- How the good things in life can be even better
- Why science isn’t all bad
- Why this really can make a huge difference to health for all of us
Today I have some fantastic news for those of you with a penchant for red wine.
It turns out that a small glass a day is good for you as it can lower blood pressure for those at risk according to a study published in 20201.
So that’s great!
But I have even better news for those who like this story but are either trying to avoid the excess of lockdown or simply don’t like Bacchus’ produce.
But first let me tell you a little more about the red wine story.
You see it baffled scientists for many years that our French cousins liked their rich cheeses, cream sauces and plenty of good fatty meat yet the levels of cardiovascular problems were far below those on these shores.
In addition, the population of Gaul suffered lower incidence of diabetes, Alzheimer’s and even cancer yet they were happy to continue eating sugary pastries, cream cakes and not adverse to a packet of Gauloises cigarettes a day.
This led to a lot of consternation amongst those who wanted to prove that high fat diets were the root of all health evil and they wailed and gnashed their teeth about what became known as the French Paradox.
Theories about the genetic makeup of the people, the nature of soils and even an illusion created by the French authority’s inability to collect data were all postulated as the reason, but it seems a potential answer was one which threw the fledgling nutritionists into even more of a quandary.
In 1991 a team working in the USA noticed that the population of France drank more red wine than anyone else and they looked at whether this might be the reason behind the difference. To their surprise they discovered a constituent of this beloved beverage which held the key.
Why you’ve got to love science
An extract from wine was concentrated and from it a specific compound was identified which when used in animal studies showed that it could have a remarkable effect on metabolism, blood flow and even cancer development. The compound is called Resveratrol.
This discovery caused quite a bit of a stir and was aired in an episode of 60 Minutes (a US TV programme) causing a massive increase in the sale of red wine throughout the Americas.
Resveratrol became a byword for health and many supplement manufacturers began to use extracts of grapes to try to improve the bioavailability of this substance, which was where they found a problem.
You see, whilst the Resveratrol in wine is really good for us, it is also in relatively small amounts and having created such a storm it rapidly became clear that this wasn’t the whole reason for the French Paradox, which was a shame as it would have been great to get red wine on prescription.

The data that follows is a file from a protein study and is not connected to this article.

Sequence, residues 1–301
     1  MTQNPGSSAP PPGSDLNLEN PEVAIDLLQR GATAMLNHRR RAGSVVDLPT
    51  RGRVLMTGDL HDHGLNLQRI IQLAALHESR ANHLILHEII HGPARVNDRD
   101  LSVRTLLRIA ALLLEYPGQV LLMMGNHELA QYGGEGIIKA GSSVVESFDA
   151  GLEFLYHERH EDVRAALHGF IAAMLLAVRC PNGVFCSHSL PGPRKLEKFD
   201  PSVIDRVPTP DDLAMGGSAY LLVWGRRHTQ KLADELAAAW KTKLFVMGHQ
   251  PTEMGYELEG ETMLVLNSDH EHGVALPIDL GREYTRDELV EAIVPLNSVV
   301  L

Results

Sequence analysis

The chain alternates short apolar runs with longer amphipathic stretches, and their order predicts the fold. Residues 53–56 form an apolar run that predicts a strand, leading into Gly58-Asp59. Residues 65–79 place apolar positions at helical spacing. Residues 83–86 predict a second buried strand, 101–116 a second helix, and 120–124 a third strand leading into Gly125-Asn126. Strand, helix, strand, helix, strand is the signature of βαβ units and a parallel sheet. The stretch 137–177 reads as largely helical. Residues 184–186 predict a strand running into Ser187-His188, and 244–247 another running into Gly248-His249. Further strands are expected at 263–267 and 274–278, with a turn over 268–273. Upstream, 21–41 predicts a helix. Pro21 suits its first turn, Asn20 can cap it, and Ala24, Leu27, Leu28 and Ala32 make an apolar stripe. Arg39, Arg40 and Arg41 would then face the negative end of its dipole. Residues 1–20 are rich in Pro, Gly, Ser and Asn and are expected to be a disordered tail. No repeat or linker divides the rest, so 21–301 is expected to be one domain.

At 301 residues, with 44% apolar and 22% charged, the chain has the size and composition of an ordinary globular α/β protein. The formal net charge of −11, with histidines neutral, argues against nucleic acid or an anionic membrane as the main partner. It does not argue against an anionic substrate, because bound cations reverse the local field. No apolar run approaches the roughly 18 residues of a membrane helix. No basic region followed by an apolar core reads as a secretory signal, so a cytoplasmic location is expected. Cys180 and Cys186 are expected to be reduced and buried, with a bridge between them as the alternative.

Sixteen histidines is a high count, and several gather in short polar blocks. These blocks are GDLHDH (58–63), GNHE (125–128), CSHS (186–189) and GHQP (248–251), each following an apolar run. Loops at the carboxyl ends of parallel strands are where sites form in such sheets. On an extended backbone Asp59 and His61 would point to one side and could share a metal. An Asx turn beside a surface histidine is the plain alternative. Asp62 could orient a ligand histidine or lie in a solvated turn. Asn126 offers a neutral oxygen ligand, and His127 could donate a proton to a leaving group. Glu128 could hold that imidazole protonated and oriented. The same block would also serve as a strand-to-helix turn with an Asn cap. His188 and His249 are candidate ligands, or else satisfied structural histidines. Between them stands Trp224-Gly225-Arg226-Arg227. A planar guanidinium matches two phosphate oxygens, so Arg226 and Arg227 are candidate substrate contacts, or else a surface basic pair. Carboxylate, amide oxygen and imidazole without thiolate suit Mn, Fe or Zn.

Trying to concentrate the compound from grapes was very tricky as it is only to be found in the skins and in minute quantities in the seeds. The flesh is no use at all and this left the natural remedy movement in a bit of a fix.
They had discovered this amazing health tonic but now couldn’t figure out how to get it to the public in sufficient quantities and with controlled quality.
In the past we have tried to source Grape Seed Extract but have always been frustrated to find that supply was limited and unreliable purely because grape growers can make more money from wine making than from Resveratrol extraction – and I wasn’t about to demand that they stopped making wine!
A Japanese weed provides the answers
The science behind using Resveratrol was clear and in over 100 published studies in the last ten years a number of really important health benefits have been noted and proven including:
- Protecting the endothelial lining of your arteries, so blood flows as it should.
- Reducing oxidative stress, which prevents premature aging of cells and keeps them active.
- Blocking the production of inflammatory agents, preventing pain associated with common joint and muscle conditions such as arthritis.
- Supporting cells that improve mental function, and promoting oral/dental health.
- Suppressing the development of malignant cells, by preventing cancer cell replication and enhancing cancer cell death in a variety of laboratory cell culture studies.
- Improving muscle health, by reducing muscle wasting associated with diabetes and cancer.
The list is really impressive and shows how Resveratrol can affect cellular function at many levels and as such can make a contribution to health in many ways, in fact it can be considered as a universal tonic.
The problem comes from trying to find a source which is reliable, plentiful and rich in Resveratrol – and that is where a virulent garden weed plays its part.
This scourge of hedgerows and open spaces in the UK has become a real problem for gardeners and local authorities to control as it is very aggressive in its growing habits and will colonise huge areas preventing anything else from growing.
But, scientists discovered that its roots are an incredible source of Resveratrol which it uses to help protect itself from toxins in the environment it grows in and this helps it become resistant to many commonly used herbicides.
So, we can use this rampant pest as a really useful source of the Resveratrol without expensive processes to recover it, and safe in the knowledge that we are helping rid the UK of a damaging plant.
Truly a win-win scenario if ever I heard one, with the added benefit that I can still enjoy a glass of red wine safe in the knowledge that it contains a healthy compound as well as being able to confound nutritionists… all is well!
1 Weaver, S. R., Rendeiro, C., McGettrick, H. M., Philp, A., & Lucas, S. J. (2020). Fine wine or sour grapes? A systematic review and meta-analysis of the impact of red wine polyphenols on vascular health. European journal of nutrition, 1-28.